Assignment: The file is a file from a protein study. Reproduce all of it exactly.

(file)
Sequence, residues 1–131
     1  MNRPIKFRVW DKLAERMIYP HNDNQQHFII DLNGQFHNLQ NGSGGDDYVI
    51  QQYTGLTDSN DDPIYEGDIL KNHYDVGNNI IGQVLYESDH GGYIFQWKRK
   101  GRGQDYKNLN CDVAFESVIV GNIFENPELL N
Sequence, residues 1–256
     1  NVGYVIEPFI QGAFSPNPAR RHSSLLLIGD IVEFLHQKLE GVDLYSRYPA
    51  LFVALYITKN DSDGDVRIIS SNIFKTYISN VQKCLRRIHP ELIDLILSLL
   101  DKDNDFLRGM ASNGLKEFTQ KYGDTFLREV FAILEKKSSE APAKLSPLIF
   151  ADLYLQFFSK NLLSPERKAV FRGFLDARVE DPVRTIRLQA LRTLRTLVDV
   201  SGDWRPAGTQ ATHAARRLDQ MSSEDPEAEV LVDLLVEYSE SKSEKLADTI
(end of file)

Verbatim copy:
Sequence, residues 1–131
     1  MNRPIKFRVW DKLAERMIYP HNDNQQHFII DLNGQFHNLQ NGSGGDDYVI
    51  QQYTGLTDSN DDPIYEGDIL KNHYDVGNNI IGQVLYESDH GGYIFQWKRK
   101  GRGQDYKNLN CDVAFESVIV GNIFENPELL N
Sequence, residues 1–256
     1  NVGYVIEPFI QGAFSPNPAR RHSSLLLIGD IVEFLHQKLE GVDLYSRYPA
    51  LFVALYITKN DSDGDVRIIS SNIFKTYISN VQKCLRRIHP ELIDLILSLL
   101  DKDNDFLRGM ASNGLKEFTQ KYGDTFLREV FAILEKKSSE APAKLSPLIF
   151  ADLYLQFFSK NLLSPERKAV FRGFLDARVE DPVRTIRLQA LRTLRTLVDV
   201  SGDWRPAGTQ ATHAARRLDQ MSSEDPEAEV LVDLLVEYSE SKSEKLADTI